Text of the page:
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Arte Povera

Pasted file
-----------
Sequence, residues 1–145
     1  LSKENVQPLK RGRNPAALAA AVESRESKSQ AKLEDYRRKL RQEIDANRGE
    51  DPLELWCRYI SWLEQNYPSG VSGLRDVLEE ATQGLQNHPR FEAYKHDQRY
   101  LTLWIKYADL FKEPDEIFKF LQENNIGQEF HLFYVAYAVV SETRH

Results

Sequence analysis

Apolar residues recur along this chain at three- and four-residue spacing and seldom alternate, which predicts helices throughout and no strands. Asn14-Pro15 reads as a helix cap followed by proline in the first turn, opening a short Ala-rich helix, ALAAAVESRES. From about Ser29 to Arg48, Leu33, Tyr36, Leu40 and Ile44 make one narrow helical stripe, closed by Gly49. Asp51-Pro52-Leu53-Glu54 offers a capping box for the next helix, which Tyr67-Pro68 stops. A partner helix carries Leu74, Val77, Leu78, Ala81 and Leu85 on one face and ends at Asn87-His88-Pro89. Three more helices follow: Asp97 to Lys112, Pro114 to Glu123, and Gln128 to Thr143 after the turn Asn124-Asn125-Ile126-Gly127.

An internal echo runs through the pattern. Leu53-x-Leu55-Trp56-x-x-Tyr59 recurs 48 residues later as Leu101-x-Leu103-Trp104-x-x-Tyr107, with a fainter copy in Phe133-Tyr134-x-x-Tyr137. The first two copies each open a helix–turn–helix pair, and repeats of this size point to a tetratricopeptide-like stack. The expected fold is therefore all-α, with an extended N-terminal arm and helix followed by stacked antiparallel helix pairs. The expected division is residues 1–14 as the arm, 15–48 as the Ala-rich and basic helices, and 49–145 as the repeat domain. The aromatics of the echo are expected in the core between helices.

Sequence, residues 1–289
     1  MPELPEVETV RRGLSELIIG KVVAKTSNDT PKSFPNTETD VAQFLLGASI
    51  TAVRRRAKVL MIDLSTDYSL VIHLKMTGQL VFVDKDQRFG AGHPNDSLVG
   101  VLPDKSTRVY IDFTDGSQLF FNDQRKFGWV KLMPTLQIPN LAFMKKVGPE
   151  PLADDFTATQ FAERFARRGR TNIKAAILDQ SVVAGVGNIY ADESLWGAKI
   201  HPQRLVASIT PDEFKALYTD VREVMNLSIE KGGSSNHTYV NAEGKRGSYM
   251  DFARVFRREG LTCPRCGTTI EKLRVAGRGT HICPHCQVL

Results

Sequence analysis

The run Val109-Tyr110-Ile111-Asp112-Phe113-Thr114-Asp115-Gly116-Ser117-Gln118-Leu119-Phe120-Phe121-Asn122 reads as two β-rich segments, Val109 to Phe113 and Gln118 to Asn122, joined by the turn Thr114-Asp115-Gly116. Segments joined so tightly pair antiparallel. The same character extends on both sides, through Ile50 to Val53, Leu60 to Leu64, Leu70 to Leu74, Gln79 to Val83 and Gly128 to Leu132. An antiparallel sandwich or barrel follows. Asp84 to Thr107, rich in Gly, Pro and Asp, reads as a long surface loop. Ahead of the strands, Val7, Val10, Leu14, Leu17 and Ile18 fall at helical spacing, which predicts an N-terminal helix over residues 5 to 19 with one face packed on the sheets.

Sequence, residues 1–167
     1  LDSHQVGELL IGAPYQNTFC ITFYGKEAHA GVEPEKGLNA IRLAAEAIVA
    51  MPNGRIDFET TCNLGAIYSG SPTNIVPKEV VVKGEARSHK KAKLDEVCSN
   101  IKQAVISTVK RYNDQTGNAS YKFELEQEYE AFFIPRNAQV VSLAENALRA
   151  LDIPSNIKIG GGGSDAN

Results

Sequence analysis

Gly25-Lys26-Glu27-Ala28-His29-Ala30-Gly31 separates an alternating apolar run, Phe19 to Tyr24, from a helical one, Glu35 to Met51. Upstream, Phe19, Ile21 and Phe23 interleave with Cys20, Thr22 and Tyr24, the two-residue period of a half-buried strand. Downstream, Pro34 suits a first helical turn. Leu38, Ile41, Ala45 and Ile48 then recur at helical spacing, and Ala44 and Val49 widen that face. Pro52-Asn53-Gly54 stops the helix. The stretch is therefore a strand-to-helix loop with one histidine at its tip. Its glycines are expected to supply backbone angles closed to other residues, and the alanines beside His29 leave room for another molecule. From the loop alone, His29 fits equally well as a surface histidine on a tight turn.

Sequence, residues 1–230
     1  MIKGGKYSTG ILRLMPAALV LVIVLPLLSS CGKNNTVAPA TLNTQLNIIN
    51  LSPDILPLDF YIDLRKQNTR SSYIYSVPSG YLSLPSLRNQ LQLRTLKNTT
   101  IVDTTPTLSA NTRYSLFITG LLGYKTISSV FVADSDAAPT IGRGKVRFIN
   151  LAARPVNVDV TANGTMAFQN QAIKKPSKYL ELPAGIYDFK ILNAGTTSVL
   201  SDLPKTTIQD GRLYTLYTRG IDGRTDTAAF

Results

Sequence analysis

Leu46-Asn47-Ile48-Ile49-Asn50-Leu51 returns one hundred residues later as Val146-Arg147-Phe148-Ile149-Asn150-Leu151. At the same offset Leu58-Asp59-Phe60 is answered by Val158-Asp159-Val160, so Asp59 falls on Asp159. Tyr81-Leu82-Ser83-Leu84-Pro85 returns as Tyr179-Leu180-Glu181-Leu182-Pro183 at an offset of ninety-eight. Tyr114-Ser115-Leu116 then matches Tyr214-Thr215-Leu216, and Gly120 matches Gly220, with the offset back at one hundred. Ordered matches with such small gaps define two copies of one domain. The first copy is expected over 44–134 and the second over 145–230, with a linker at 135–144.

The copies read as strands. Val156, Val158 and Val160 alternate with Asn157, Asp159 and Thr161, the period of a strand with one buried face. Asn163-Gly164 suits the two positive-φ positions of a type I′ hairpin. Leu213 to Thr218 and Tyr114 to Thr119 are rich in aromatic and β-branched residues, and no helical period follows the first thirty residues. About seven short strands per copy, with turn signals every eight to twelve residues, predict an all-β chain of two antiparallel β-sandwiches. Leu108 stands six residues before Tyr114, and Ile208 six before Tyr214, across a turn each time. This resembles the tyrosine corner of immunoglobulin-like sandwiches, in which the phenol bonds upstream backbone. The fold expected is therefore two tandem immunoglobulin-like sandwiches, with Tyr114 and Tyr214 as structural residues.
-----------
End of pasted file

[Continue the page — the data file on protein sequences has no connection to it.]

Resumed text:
FORTY YEARS AGO this month, the critic and curator Germano Celant thrust arte povera upon the international scene. Amid tumultuous demonstrations at Italian universities that, like many other movements circa 1968, were aimed at institutional structures that preserved the stratifications of class, the twenty-seven-year-old Celant asserted that Italian artists were confronting their own social and cultural patrimony. Using the utopian rhetoric typical of twentieth-century avant-gardes, he wrote of a desire to escape the bounds of a social system that rewards conformity and limits experience, and argued, in stridently Marxist terms, that this system forces artists into producing bourgeois objects for an art market that requires the stability of the assembly line. Arte povera, Celant declared, was different—it was a truly revolutionary art that rejected the market’s pressure to conform by

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